The mayor of Mt. Vernon was charged with felony ethics violations Wednesday in an ongoing corruption probe into the Birmingham Water Works Board that investigators claim has uncovered bribery and public officials using their office for personal gain.

Terry Williams, 62, was not charged with any criminal activity related to his position as the mayor of Mt. Vernon, which is a northern Mobile County town with a population of roughly 1,500 people. According to Alabama Attorney General Steve Marshall, it was Williams’ private career that led to the charges he currently faces in Jefferson County.

Williams was the former owner of Global Solutions International Inc, which according to state business records, was formed in Stone Mountain, Georgia in 2010. He was charged along with BWWB board member Sherry Lewis and Jerry Jones, the former vice president of Arcadis Inc.

According to a press release from Marshall’s office, Arcadis previously served as the independent engineer of record for the BWWB board, and during at least some of that time, the firm utilized Global Solutions International as a subcontractor.

Mt. Vernon Mayor Terry Williams was indicted on felony ethics charges Dec. 6 as part of a corruption probe in Jefferson County. (mtvernonal.com)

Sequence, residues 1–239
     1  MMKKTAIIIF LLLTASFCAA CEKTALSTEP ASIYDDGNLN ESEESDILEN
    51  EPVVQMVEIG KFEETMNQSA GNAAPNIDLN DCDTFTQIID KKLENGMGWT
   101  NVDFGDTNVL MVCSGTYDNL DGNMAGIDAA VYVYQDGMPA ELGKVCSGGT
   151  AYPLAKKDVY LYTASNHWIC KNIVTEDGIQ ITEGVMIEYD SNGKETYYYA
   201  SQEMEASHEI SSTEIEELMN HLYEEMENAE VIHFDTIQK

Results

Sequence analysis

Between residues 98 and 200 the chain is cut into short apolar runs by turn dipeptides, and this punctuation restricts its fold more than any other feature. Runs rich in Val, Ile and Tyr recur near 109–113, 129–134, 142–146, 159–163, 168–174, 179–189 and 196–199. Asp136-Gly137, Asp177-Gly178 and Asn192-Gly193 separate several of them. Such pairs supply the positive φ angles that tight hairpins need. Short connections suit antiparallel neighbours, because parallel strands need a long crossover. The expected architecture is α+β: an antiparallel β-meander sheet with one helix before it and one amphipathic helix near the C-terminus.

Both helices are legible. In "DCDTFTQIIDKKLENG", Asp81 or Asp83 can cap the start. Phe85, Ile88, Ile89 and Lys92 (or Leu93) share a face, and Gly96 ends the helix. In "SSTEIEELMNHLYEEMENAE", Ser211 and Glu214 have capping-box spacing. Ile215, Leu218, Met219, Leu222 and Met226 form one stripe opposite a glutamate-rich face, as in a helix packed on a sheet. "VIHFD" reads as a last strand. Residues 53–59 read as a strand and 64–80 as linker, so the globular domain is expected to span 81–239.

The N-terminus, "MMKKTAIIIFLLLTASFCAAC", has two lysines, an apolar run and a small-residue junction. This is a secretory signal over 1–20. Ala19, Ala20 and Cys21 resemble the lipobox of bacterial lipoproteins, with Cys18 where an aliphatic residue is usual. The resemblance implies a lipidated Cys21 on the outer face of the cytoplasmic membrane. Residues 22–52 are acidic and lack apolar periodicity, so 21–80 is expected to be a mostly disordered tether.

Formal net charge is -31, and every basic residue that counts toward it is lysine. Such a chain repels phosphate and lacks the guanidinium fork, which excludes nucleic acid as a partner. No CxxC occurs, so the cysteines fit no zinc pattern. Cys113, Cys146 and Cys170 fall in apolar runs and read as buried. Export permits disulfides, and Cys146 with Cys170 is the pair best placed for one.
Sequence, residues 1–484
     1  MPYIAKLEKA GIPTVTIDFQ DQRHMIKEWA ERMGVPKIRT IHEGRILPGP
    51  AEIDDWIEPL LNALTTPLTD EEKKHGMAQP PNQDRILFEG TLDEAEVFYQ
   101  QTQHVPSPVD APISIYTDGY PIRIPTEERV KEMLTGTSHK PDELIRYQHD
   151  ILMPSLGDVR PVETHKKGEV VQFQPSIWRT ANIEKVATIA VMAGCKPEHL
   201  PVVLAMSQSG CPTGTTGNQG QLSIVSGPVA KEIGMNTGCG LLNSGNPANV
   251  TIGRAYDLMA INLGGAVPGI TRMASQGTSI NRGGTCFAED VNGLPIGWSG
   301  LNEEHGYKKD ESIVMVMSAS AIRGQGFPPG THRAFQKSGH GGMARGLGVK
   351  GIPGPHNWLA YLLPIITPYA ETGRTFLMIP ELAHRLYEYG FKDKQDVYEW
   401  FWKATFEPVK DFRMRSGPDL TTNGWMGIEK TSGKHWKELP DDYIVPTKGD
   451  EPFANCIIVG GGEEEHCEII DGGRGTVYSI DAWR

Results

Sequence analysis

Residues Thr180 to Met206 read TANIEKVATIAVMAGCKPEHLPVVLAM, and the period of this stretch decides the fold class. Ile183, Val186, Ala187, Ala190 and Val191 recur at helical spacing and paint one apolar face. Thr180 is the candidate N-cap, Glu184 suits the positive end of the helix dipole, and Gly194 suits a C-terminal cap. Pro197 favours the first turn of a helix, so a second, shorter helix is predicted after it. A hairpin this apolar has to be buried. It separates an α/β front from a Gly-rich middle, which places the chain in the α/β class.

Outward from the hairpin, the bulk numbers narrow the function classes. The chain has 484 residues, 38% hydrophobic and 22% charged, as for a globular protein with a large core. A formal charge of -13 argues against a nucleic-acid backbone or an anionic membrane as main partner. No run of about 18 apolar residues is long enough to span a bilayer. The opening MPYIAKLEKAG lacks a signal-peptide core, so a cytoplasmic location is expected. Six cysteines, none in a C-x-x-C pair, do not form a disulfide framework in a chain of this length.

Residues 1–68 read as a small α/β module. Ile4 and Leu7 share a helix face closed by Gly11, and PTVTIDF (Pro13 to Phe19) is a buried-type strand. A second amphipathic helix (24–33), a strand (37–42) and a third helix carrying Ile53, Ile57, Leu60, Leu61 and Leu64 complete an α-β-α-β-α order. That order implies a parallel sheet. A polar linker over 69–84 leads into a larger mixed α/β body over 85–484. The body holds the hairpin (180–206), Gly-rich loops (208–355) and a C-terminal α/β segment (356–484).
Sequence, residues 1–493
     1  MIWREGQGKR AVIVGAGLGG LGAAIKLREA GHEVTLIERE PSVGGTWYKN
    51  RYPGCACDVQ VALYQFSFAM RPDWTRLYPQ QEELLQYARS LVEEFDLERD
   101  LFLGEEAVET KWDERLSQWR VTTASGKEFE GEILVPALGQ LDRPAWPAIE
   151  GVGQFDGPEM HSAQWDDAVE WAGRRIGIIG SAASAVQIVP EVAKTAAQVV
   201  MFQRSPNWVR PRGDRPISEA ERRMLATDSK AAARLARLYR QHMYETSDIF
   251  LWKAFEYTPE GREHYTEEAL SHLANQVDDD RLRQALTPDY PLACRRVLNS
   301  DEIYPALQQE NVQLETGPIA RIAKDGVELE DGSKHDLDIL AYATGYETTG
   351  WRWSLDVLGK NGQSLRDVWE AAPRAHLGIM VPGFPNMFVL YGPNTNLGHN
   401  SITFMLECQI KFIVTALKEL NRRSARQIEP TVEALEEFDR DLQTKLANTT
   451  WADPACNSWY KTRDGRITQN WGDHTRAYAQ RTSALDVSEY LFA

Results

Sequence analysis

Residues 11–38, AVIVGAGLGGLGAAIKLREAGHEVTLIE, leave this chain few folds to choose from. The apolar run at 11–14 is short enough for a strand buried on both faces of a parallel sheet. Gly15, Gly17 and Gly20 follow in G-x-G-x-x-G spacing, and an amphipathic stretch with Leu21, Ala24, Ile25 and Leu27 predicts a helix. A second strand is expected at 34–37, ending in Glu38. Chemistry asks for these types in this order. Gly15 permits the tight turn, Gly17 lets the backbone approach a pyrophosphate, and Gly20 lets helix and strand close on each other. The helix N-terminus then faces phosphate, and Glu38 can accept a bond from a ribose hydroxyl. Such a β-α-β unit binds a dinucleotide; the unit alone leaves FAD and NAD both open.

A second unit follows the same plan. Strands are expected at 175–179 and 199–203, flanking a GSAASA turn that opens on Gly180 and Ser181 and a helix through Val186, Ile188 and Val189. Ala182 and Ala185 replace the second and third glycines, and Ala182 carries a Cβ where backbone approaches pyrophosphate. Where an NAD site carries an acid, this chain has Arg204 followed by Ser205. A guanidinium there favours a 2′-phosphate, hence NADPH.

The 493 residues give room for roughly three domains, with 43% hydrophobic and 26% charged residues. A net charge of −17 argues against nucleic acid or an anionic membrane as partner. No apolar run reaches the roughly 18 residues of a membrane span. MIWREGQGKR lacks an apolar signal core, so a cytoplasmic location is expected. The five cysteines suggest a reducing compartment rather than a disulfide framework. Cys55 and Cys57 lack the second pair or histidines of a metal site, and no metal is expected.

Though the exact details of the alleged scheme remain unclear, investigators believe Jones, who has since been terminated by Arcadis for “violating company policy,” used Williams’ business to pass money to Lewis and members of her family in exchange for corrupt acts taken in her official capacity on the BWWB board.

Lewis is also accused of voting on matters in which she or her family members had a financial interest, though an attorney representing her has denied all of those charges. If convicted, each of the defendants could face up to 20 years in prison and fines as high as $30,000.

While Marshall has offered no further information about the charges, he emphasized in a statement that the investigation into BWWB wasn’t over, adding that his office has made a priority of holding accountable any official “who violates the public’s trust.”

While Lewis, Jones and Williams are accused of violating state ethics laws, the Birmingham Division of the Federal Bureau of Investigation has been assisting state investigators with the corruption probe.

“Public corruption continues to be the FBI’s highest criminal priority because it erodes the public’s trust and rips at the fabric of democracy,” Special Agent in Charge Johnnie Share Jr. said. “If you know something about a corrupt public official, call us. Then rest assured that the FBI and our partners will act on your information.”